How to Manage Your Spending After Isolation
Written by Anne Papmehl

Thursday, June 18th, 2020

The end of COVID-19 lockdown restrictions in several Asian countries saw a massive surge in consumer "revenge spending."

Revenge spending is an extreme form of retail therapy: Where people overindulge in buying luxury goods after a long period of pent up demand.

Avoid Excess Spending by Planning Ahead

As Canada begins to loosen COVID-19 restrictions and open businesses, we may face these temptations, too. After months of self-isolation, social distancing and reining in our spending, what's the harm in a few little indulgences like a spa day, dinner at a posh restaurant or some swanky new bling to celebrate?

Have Some Fun...Within Your Budget

Spending on something fun and frivolous can be fine when done carefully, strategically and with a plan. Here are some tips on how to indulge in a little revenge spending, while staying on track to meet your financial goals:

1. Set a Budget

Think through how much money you'll allow yourself to revenge spend and whether it's within your current financial means—especially if your finances took a hit during the isolation period. Having a budget before you set out to shop will help you avoid overspending.

2. Have a Prize in Mind

Don't go aimlessly wandering around the mall, department store or boutique and impulse buy. Apply the same tactics and skills you learned during the lockdown when shopping for essentials like groceries. Know what you're shopping for, have a plan for getting it and stick with it.

3. Shop Around (Safely)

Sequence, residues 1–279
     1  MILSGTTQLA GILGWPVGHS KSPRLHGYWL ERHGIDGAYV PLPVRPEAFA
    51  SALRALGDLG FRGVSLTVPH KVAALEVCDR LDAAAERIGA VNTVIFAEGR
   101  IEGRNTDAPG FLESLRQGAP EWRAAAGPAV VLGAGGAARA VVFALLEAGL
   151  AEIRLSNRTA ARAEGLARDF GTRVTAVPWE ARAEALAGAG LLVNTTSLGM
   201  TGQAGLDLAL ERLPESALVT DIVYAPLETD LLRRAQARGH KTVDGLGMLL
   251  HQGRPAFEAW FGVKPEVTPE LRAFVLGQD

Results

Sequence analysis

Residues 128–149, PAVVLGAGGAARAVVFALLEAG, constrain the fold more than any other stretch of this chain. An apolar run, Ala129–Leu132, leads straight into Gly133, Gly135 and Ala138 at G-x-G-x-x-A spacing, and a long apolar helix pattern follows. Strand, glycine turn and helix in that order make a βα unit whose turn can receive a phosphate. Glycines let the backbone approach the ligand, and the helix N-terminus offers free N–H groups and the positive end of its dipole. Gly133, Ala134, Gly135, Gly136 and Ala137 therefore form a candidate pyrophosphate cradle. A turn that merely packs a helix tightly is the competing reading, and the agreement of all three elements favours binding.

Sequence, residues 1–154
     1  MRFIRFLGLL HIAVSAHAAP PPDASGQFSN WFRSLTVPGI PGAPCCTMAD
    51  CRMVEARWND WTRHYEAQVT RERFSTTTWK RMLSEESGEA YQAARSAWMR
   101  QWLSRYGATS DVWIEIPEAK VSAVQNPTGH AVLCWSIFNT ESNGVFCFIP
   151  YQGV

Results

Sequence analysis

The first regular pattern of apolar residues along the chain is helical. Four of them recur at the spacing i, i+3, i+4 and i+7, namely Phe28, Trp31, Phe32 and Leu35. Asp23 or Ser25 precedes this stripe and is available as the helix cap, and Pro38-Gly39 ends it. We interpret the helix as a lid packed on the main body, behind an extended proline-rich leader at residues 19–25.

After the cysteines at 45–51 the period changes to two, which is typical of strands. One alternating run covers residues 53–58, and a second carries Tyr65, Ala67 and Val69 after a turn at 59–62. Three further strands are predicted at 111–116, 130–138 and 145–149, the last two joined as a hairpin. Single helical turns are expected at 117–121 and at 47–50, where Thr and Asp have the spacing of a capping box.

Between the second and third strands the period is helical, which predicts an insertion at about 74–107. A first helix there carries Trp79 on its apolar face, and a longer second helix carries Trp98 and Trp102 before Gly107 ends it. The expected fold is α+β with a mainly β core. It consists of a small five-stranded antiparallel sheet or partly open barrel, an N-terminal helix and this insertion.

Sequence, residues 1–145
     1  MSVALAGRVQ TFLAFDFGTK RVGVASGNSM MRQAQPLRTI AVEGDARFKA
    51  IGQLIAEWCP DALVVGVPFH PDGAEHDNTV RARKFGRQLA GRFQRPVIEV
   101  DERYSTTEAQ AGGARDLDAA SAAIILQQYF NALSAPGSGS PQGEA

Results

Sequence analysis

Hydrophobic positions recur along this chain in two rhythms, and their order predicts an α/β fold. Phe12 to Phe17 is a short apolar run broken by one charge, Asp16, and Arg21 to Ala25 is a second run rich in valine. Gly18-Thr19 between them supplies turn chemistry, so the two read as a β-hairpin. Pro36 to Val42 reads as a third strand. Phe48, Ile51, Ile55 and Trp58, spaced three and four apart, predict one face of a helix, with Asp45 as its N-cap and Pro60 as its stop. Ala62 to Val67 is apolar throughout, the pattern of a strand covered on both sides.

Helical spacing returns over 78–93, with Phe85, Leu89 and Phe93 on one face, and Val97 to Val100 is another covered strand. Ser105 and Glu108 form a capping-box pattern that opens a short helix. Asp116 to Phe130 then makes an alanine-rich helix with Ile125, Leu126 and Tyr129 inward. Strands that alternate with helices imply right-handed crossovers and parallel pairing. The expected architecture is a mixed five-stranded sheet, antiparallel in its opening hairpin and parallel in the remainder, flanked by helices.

Can you get those goods or services cheaper somewhere else, or maybe wait until they go on sale? If so, you can save some money. Money saved—even if it's on a want rather than a need—is money that you can put towards some savings, investing or debt repayment. Window shop online before visiting a store to save you a trip.

4. Consider Whether the Purchase is Worth the Expense

Think through how badly you want this revenge purchase item and whether the joy you expect to get with it justifies the cost. If you expect to get just a momentary thrill, maybe you'd be better off doing something else with that money—like saving, investing or paying off debt.

5. Think About Shopping Locally

You can help some of your local businesses revive and thrive by including them in your revenge spending plan. Not only are you doing something nice for yourself, you're supporting your local economy—a win-win!

6. Keep Working Toward Your Long-Term Savings Goals

With everything on pause for a few months, market volatility and many of us dealing with lost earnings, long-term financial planning may have been put on the back burner. Now's a good time to revisit our long-term savings and investment goals and see what adjustments may be needed in order to achieve them. As you go about your revenge spending, try to do a little revenge saving and investing, too.

If You're Going to Buy Something, Enjoy it!

If you're going to spend, then do so without guilt, shame or remorse. After all, the idea of saving and planning is to afford the things in life that bring us joy. We could all use a bit of that right now! 

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